Investors looking at real estate investment trusts (REITs) need to consider the portfolio of properties that underpin the business. Diversification is important. And yet, sometimes, picking the wrong sectors can have a material and negative impact on a REIT's performance. Gladstone Commercial (GOOD 3.35%) is a good example of this. And despite a huge 9% yield and monthly pay dividend, most investors will probably want to avoid this REIT for now.

Not a bad plan

From a high-level perspective, Gladstone Commercial had a well-thought-out business approach. It uses the net lease model, which means that it leases individual properties to a single tenant that is largely responsible for the asset's operating costs. That helps to protect the REIT from inflation in things like maintenance and taxes. Across a large enough portfolio, the risk of any single property (which is high because of the single tenant) is materially reduced. Only Gladstone Commercial has a relatively modest portfolio of about 137 properties.

A bear trap with money sitting inside of it to suggest material financial risk.

Image source: Getty Images.

That said, the REIT is focused on the industrial and office spaces. Having exposure to more than one type of property helps to increase diversification. Industrial assets make up around 55% of rents, with offices at 40%. The rest of the portfolio is composed of retail and medical properties. So while the portfolio isn't huge, it is spread up at least a little bit.

Unfortunately, the two areas in which Gladstone Commercial chose to focus have been heading down wildly divergent paths. Industrial assets have been in high demand, while offices have been hit hard by the work-from-home trend. Both are tied to the COVID-19 pandemic, which increased the need for logistics-tied assets to accommodate increased demand as people worked from home to slow the spread of the illness. 

The bad overwhelms the good

With offices sitting vacant, Gladstone Commercial ended up cutting its dividend at the end of 2022. The monthly payment dropped from $0.1254 per share to $0.10, a painful 20% haircut. When the company reported fourth-quarter 2022 earnings, management highlighted that it doesn't see a return to pre-pandemic office demand anytime in the foreseeable future.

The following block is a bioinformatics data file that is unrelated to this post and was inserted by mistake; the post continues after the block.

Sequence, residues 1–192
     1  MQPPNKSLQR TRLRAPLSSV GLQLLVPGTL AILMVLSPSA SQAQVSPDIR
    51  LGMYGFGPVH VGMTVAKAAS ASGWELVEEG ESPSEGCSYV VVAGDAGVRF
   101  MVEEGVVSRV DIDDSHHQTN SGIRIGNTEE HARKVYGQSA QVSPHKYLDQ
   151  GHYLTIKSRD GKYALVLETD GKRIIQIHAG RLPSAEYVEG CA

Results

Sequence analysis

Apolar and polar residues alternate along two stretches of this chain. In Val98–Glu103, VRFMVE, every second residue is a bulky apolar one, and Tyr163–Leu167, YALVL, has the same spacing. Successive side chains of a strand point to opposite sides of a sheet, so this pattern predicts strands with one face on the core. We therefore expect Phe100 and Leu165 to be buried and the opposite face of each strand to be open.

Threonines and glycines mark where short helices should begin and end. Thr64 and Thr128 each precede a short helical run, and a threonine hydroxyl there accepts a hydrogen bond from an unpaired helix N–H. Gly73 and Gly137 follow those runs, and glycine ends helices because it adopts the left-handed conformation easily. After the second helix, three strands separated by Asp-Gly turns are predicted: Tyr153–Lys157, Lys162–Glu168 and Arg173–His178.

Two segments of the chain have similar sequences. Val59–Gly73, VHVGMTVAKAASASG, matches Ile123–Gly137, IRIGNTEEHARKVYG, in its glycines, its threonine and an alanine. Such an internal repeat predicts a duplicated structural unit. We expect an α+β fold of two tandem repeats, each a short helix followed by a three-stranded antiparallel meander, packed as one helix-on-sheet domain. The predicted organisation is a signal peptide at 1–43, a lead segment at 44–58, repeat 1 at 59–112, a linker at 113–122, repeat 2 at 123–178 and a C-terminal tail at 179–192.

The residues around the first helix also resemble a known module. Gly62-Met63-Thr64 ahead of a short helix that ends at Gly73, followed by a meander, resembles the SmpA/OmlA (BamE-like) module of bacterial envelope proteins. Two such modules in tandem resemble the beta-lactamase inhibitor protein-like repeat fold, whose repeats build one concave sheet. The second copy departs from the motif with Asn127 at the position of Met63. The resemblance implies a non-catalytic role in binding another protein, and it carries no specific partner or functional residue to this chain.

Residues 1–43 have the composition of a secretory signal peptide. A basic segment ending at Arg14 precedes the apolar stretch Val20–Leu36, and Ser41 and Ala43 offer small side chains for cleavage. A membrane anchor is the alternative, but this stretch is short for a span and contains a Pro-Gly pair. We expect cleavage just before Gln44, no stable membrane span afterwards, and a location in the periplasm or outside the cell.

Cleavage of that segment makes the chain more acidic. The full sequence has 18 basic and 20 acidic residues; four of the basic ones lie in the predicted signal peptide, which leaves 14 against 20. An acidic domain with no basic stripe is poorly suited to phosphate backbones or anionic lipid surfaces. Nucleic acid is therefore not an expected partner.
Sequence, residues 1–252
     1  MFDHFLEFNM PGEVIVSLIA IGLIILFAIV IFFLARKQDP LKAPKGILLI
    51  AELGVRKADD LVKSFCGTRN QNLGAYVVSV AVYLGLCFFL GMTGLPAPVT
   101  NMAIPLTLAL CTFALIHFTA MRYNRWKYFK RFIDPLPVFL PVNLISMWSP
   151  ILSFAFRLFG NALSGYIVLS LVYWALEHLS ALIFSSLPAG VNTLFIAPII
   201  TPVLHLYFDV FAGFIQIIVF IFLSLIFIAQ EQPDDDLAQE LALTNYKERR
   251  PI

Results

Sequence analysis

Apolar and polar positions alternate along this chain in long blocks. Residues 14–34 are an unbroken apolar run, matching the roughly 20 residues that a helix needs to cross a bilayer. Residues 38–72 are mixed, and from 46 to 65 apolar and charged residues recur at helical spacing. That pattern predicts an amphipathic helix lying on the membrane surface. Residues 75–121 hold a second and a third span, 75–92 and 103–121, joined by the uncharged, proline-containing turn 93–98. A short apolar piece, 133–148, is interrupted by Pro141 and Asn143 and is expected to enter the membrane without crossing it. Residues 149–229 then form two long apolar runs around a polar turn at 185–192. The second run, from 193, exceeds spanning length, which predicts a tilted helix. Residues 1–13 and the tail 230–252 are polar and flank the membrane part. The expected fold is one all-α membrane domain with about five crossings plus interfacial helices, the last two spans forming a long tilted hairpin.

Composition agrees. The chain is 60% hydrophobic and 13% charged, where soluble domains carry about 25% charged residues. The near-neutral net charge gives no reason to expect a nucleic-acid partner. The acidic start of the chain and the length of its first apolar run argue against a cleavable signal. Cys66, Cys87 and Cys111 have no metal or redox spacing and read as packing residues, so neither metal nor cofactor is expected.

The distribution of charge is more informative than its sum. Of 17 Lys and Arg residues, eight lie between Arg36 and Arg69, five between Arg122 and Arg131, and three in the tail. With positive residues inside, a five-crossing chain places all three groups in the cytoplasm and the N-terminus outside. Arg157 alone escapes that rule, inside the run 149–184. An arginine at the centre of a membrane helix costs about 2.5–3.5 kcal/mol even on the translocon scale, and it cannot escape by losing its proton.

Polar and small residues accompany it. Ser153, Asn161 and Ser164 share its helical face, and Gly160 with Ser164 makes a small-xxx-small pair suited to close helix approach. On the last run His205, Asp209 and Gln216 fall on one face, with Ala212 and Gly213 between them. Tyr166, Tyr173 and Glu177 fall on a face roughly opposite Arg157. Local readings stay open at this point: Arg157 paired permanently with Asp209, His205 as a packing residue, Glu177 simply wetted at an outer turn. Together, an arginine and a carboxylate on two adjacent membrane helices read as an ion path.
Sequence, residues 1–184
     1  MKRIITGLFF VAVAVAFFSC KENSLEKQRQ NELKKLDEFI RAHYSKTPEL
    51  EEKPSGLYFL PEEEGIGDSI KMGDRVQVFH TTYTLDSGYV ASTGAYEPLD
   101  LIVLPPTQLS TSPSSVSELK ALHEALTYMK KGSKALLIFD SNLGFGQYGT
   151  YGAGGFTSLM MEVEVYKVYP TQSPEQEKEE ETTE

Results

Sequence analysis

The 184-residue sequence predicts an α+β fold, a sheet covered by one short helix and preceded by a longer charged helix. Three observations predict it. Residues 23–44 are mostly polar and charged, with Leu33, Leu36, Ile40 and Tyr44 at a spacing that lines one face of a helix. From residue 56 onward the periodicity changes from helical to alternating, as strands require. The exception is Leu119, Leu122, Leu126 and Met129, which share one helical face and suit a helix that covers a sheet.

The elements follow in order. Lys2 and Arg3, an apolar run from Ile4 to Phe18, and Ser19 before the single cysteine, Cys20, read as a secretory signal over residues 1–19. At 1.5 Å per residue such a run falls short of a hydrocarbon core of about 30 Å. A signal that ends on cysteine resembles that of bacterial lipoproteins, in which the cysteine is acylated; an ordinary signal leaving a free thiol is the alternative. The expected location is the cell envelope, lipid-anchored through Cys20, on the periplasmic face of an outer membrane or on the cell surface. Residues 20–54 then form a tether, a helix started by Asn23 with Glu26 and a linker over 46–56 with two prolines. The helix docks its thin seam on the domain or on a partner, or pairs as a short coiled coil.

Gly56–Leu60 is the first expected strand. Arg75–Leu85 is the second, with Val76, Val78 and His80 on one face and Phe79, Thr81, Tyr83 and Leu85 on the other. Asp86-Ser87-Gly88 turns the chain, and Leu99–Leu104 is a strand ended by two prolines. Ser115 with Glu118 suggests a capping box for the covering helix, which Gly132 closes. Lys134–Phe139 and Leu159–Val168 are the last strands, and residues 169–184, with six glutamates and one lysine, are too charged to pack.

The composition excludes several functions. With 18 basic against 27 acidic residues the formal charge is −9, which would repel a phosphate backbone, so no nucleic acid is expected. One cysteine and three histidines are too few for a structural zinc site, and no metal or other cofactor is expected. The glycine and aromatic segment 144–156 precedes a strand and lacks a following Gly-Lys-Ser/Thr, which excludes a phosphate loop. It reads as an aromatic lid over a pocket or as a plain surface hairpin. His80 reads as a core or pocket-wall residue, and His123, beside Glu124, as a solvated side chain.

Given that outlook, the REIT probably made the right choice to cut the dividend instead of trying to limp along paying out more than it could afford. To put a number on that, the company's funds from operations (FFO) came in at $0.34 per share (down 20% year over year) in the final quarter of 2022, but it paid out $0.3762 per share in dividends. A REIT can only support an FFO payout ratio of more than 100% for so long. And if there was no expectation for improved performance from 40% of its portfolio, the cut was a necessary move.

Meanwhile, the company is moving, perhaps more aggressively than ever before, to increase its exposure to industrial assets. To be fair, this isn't a new direction, as it started down this path in 2018. In fact, industrial exposure has grown from around 35% of the business to the current 55% or so since that point. 

So, in some ways, Gladstone Commercial has probably saved investors a lot of pain that otherwise would have been caused by the office downturn. But, clearly, it didn't completely avoid the hit. The dividend cut is expected to free up additional capital for future investments in industrial assets.

More work needs to be done

A dividend cut is not something that a REIT wants to do, given that the entire corporate structure is designed to pass income on to shareholders. Generally, a cut happens from a position of weakness. For example, using Gladstone Commercial's fourth-quarter FFO as a run rate, the current dividend payment still amounts to a roughly 90% FFO payout ratio. That doesn't leave much room for adversity in the still sizable 40% of the portfolio tied to offices, which management has highlighted as an ongoing headwind. While the REIT is moving in the right direction, all but the most aggressive investors should probably be on the sidelines until there's clear evidence of a sustained improvement in performance.